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Making Bread

By: Cara Frost-Sharratt - Updated: 13 Dec 2012 | comments*Discuss
Making Bread

We're always told that the smell of fresh bread baking in the oven is pretty much guaranteed to get prospective buyers who are looking around a house making an offer before they've moved from the kitchen. Whilst this might be a slight exaggeration the claim does have some backing. It really is one of life's great smells and there's a lot of satisfaction to be had from preparing a sandwich with homemade bread, still warm from the oven.

Simple Things

Whilst bread-makers are fantastic if you plan on making your own bread every day, there's no need to buy one if you just fancy doing a bit of baking once in a while. Bread is pretty easy to make, as long as you stick strictly to the ingredients and timings. It might take a couple of practise runs before you really get the knack, but you'll soon learn the recipe off by heart and the actual preparation isn't that long at all. We've just included a recipe for a basic bread here, but obviously, if you get into baking in a big way you can try all sorts of flavoured breads, as well as different varieties such as ciabatta, granary, sourdough - the list is endless!

Delicious Homemade Bread


  • 500g strong bread flour (white or wholemeal)
  • 500ml warm water
  • 1 tsp caster sugar
  • 1 tbsp dried yeast (or a sachet of yeast)
  • Pinch of salt.


  1. Pour the water into a large bowl and add the sugar and yeast. Use a whisk to mix well then cover the bowl with a clean, damp tea towel and put it in a warm place for about 20 minutes until a froth develops on top (a linen cupboard is ideal).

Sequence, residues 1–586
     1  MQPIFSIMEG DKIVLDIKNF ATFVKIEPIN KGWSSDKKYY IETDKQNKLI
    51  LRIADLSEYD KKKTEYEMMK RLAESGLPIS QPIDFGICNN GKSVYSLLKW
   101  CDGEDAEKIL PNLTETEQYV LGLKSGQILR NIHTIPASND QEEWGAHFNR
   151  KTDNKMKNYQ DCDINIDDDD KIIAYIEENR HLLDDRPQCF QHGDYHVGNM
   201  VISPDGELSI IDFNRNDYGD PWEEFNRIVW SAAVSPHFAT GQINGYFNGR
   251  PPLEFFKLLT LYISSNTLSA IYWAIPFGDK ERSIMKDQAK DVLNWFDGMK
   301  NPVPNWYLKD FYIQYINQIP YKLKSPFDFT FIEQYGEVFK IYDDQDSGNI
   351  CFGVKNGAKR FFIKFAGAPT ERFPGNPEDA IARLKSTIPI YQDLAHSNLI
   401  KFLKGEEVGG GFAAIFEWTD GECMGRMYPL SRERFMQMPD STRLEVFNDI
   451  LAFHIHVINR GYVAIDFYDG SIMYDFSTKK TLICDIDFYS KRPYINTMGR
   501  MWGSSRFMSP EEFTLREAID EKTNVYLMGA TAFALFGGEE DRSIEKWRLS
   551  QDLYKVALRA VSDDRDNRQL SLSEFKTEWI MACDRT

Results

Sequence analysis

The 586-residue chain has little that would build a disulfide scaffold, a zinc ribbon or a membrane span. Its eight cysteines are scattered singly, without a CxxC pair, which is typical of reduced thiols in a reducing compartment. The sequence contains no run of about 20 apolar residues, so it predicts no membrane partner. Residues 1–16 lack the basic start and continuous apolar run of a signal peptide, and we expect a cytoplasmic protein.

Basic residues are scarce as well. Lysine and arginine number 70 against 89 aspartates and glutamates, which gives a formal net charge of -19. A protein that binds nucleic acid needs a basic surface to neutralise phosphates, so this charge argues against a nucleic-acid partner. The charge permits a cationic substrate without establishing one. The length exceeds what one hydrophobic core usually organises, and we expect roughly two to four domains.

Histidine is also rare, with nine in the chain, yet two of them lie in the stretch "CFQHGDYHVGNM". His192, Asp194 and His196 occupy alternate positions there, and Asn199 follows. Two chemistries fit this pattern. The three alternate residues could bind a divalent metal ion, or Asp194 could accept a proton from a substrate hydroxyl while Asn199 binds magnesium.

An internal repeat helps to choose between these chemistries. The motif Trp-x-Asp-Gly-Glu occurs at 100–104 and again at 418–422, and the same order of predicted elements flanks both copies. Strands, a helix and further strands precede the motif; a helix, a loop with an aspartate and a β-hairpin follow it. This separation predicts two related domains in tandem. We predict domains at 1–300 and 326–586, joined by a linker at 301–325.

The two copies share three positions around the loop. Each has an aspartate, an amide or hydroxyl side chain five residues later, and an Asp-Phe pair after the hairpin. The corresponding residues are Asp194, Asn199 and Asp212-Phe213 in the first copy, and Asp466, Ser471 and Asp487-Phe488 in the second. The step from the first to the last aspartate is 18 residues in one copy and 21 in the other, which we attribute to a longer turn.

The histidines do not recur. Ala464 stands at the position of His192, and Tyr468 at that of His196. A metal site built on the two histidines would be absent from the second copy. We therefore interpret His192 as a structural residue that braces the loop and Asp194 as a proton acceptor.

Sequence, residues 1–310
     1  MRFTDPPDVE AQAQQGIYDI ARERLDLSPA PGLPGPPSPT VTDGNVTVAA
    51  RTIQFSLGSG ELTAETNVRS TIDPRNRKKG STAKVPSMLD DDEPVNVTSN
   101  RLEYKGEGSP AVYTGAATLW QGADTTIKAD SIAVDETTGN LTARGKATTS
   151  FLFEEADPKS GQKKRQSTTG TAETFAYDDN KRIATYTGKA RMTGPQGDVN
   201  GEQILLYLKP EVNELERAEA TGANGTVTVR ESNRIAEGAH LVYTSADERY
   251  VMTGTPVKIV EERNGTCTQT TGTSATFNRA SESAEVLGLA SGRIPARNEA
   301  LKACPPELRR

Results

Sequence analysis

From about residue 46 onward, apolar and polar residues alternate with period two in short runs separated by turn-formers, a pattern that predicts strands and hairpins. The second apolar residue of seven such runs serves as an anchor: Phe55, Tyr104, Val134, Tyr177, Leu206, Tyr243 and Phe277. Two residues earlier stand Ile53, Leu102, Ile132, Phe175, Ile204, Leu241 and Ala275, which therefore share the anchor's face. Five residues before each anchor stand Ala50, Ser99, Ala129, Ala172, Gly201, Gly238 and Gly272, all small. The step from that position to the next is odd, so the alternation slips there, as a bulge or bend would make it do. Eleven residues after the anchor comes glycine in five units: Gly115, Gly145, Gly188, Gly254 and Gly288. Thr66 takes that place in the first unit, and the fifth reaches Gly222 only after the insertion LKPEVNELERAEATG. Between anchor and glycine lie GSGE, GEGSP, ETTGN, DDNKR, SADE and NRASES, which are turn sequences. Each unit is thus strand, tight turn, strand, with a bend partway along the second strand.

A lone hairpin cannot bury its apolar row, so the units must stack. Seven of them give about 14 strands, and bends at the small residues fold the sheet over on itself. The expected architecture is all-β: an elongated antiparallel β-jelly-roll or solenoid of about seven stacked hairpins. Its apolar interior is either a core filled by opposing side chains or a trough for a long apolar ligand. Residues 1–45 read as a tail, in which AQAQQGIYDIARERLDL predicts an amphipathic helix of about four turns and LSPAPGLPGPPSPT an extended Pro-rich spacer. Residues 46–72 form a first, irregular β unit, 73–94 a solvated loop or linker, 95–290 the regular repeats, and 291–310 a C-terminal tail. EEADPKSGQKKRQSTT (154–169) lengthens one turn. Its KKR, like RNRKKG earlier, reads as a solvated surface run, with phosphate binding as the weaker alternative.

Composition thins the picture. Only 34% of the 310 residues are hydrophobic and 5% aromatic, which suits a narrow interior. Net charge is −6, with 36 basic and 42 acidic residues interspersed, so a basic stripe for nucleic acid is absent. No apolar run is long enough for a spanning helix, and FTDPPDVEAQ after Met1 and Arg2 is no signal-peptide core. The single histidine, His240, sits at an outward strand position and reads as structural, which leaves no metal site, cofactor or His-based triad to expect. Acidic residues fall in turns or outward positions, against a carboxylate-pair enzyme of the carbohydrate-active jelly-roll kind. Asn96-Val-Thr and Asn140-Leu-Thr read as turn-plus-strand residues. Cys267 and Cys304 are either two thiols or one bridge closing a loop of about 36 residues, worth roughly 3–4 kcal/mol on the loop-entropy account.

2. Whisk the mixture again, then sieve in half the flour, along with the salt. Mix well with your hands and then gradually add the remaining flour. Once it's all added, take the mixture from the bowl and knead it well on a floured surface. You'll need to do this for about ten minutes (good for the muscles!) until you have a nice elastic dough.

  3. Place the dough in a clean bowl that's large enough to take double the size. Cover the bowl with the damp tea towel and put it in a warm place again for about 30 minutes, until the dough has risen (roughly doubled in size).

  4. Divide the dough in half and put each piece into a loaf tin, then once again leave in a warm place for 30 minutes to rise. Preheat the oven to 200C400F/Gas Mark 6.

  5. Cook the bread for about 30-40 minutes. Check it after 30 minutes. If it's cooked through, the loaf tin should sound hollow if you tap it on the bottom. If it's not ready check again after a further 5 minutes.

    Once you get confident, you can start adding extra ingredients, such as dried fruits, chopped nuts or seeds, to customise your bread to your own taste. Serve it while it's still warm for a real lunchtime treat, either as a sandwich or to dunk in soup.

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